Mosquito spread Zika virus reaches US

Amy Deng

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Common symptoms of the Zika virus are fever, rash, joint pain, muscle pain, and headache. It usually remains in the blood for a few days. Deaths are uncommon, however, pregnant women with the virus could have a birth defect.

A relatively new mosquito virus has become a worldwide problem due to its effect on neurological birth. The Zika virus is transmitted by the Aedes aegypti mosquito and has spread to over 23 countries.

Senior Jory Gould said, “This virus is very new to me and I hope that a cure can be developed as soon as possible to avoid any cases spreading.”

Pregnant women are the most at risk due to the effects the virus has on child development and growth and can birth disorders.

The neurological birth disorder cause by the virus results in babies being born with abnormally small heads. This can lead to severe developmental issues and even death.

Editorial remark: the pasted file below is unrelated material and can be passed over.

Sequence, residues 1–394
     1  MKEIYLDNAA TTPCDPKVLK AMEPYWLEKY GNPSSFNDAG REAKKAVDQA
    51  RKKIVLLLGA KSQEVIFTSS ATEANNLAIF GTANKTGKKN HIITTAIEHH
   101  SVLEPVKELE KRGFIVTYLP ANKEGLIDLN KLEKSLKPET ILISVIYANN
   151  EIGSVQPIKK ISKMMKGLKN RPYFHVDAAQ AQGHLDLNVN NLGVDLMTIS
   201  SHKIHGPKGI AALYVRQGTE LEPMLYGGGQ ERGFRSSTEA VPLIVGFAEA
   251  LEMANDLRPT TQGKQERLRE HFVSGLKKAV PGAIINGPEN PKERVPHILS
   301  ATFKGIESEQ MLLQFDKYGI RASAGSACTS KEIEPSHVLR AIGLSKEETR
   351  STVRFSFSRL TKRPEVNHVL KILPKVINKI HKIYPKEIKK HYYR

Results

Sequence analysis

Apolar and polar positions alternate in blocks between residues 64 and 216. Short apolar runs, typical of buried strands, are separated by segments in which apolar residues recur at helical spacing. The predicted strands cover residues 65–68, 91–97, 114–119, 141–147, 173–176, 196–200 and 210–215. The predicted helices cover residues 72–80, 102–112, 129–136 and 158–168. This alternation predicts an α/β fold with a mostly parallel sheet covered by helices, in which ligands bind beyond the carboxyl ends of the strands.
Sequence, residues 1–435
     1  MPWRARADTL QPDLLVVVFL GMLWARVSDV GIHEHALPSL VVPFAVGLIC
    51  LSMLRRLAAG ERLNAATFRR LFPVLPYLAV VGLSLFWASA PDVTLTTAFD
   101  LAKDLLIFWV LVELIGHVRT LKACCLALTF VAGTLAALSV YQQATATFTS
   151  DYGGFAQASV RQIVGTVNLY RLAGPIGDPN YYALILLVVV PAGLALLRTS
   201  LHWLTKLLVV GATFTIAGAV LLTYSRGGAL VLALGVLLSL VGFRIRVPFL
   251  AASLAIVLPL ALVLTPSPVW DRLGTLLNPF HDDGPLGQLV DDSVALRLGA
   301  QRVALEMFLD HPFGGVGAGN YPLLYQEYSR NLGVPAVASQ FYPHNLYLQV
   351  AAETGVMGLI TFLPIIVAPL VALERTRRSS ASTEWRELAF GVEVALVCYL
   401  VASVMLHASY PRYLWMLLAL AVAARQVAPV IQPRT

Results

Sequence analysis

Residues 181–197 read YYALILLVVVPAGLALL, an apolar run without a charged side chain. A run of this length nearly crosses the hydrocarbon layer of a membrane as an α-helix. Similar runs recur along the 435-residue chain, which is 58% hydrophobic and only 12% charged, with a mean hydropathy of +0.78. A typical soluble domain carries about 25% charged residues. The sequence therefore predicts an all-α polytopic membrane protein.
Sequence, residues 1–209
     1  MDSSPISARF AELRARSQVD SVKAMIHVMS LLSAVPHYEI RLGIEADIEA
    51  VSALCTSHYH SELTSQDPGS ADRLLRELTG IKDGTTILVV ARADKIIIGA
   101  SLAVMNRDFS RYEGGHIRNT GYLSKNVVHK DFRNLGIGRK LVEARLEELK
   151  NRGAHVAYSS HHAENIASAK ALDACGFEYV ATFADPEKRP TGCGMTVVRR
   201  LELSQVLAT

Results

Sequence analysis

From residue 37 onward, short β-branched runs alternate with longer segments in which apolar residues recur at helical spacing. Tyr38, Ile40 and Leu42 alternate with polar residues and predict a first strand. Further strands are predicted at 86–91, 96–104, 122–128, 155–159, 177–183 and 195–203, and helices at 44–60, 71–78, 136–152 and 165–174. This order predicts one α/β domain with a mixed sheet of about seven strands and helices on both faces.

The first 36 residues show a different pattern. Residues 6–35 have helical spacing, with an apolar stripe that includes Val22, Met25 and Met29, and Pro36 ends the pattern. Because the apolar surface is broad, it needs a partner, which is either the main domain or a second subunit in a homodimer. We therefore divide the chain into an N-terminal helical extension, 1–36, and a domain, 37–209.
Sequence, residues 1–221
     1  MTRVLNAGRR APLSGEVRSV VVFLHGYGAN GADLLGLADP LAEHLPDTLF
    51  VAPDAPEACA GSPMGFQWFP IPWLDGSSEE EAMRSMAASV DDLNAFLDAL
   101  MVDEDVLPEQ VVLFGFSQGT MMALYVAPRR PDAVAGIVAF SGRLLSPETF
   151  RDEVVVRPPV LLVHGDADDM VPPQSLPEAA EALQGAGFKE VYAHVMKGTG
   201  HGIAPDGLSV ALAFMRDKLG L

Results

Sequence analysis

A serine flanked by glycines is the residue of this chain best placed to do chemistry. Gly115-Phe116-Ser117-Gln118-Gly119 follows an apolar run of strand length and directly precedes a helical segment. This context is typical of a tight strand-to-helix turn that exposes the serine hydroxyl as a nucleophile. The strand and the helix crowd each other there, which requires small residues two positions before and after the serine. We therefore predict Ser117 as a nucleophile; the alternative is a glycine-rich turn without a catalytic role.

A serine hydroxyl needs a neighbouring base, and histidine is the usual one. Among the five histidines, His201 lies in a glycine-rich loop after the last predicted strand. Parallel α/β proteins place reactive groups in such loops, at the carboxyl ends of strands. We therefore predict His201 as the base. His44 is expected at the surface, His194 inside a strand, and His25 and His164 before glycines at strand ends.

Junior Anais Cabello said, “I never knew that a mosquito virus could cause a birth disorder, it is really surprising to me and I hope that it fades soon.”

Brazil has seen the most cases so far with around 4,000 cases. The focus of the virus has mostly been focused in Latin America and has only just arrived in the United States from travelers returning from contaminated areas.

Cabello said, “People in Florida especially are most at risk because it is always warm there, people up north are less at risk because of the cold temperatures.”

Warm areas in the U.S. could be more at risk due to its inability to kill off the mosquitoes. There is currently no treatment or vaccine available, and the only protection against the virus is to avoid areas with an active infestation.

The cooler climate is a benefit because mosquitoes are attracted to warmer climates. Americans also live more spread around and are not clustered.

The next step in the virus threat is to develop a vaccine which the National Institute of Health is currently working on.